A simple twist to a favorite dessert. Crème Brûlée was on a couple of planned pre-Christmas menus in our home, but our 10+ year old mini-torch decided to expire just as the holidays began… and not with a whimper… but a massive blow-out that scared the @!?$? out of the cook who was standing nearby! So axe brulee until Santa arrived on Christmas day and apparently s/he knows everything and managed to get a late order for a spanking new kitchen torch filled, wrapped and dropped off at the Marketman household. :)
For years, I have been meaning to get these shallow crème brûlée ramekins, convinced that the higher crisp sugar topping to custard ratio would be a truly good thing. The custard is just an excuse to enjoy the caramelized sugar, no? :) Anyways, on our last trip to the U.S. Northeast, I purchased 8 flat ramekins and I also decided to try bake something new, in this case, Mr. Lebovitz’s flavor enhanced crème brûlée… and it was a hit!
Here is the recipe of Mr. Lebovitz. Blanche 3 oz of sliced fresh ginger in simmering water for minutes and drain. Add the ginger back to the pan with 3 cups of heavy cream, 1.2 cups of granulated white sugar, and finely grated zest of two lemons. Heat until cream is very warm, but definitely not boiling, then then the heat off. Cover and let this steep for about an hour, so the flavors of lemon and ginger infuse the cream.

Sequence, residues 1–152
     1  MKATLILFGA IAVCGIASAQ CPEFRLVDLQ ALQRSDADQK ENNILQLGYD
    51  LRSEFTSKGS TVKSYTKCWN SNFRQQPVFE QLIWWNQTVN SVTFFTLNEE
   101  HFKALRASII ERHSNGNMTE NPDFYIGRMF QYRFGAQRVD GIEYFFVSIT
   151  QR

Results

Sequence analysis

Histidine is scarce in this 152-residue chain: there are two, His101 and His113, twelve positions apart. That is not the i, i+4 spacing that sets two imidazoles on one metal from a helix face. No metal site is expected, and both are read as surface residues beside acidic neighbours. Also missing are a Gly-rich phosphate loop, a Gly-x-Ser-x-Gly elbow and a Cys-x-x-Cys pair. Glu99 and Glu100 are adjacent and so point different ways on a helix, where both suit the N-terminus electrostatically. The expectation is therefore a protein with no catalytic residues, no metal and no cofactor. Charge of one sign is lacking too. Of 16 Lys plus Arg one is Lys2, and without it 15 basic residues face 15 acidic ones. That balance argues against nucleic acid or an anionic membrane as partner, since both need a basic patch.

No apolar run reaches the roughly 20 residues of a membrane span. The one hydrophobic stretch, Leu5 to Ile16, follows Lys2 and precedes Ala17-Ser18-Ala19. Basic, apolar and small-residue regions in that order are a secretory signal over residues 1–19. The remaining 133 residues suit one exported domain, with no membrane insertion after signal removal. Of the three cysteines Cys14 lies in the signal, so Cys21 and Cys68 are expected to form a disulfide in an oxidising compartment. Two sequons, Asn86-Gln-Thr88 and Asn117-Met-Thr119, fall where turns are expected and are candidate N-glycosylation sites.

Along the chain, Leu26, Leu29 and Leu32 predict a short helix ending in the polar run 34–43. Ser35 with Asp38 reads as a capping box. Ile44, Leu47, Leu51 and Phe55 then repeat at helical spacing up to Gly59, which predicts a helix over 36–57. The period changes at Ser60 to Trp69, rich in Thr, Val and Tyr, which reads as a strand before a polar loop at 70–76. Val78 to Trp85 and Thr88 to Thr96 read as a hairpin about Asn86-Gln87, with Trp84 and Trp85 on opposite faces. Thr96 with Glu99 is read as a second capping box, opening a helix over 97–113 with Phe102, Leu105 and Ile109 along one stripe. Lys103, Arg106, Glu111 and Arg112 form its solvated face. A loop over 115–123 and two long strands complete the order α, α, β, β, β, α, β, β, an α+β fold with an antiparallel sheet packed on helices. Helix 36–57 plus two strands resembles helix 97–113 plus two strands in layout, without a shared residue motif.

Preheat oven to 350F. Place your ramekins (roughly 4-6, depending on size) in a pan or baking dish. Remove the ginger pieces from the cream, then add a pinch of salt and reheat until it is quite warm, but not very hot. Turn off the heat. In a mixing bowl whisk 6 large egg yolks (use whites for another purpose) and slowly add the warmed cream, whisking constantly. Pour the mixture through a fine sieve into a a large measuring cup or small pitcher. Pour the mixture into the ramekins. Add warm water to the roasting pan, so that it comes up to half the level of the ramekins. Cover pan tightly with alumnium foil and bake until the custard is just set and still a little wobbly in the center, roughly 30 minutes.
Transfer custards to a wire rack and let these cool after which place them in a refrigerator to chill for at least 6-8 hours, or better overnight. Just before serving, sprinkle the custards with superfine sugar and use your torch to caramelize the sugar, then serve immediately. The custard was clearly infursed with the ginger and lemon flavor, and was truly delicious. We have made many a crème brûlée in this household, and these were some of the best we have had. Thank you Mr. Lebovitz.
P.S. I write these posts directly on wordpress, and let me tell you, finding the right accents for crème brûlée was a royal pain in the @!&^%$. So if you are wondering why my posts often don’t include the right accents, it’s not only because I am lazy, but I often can’t actually find the right symbols to use! :)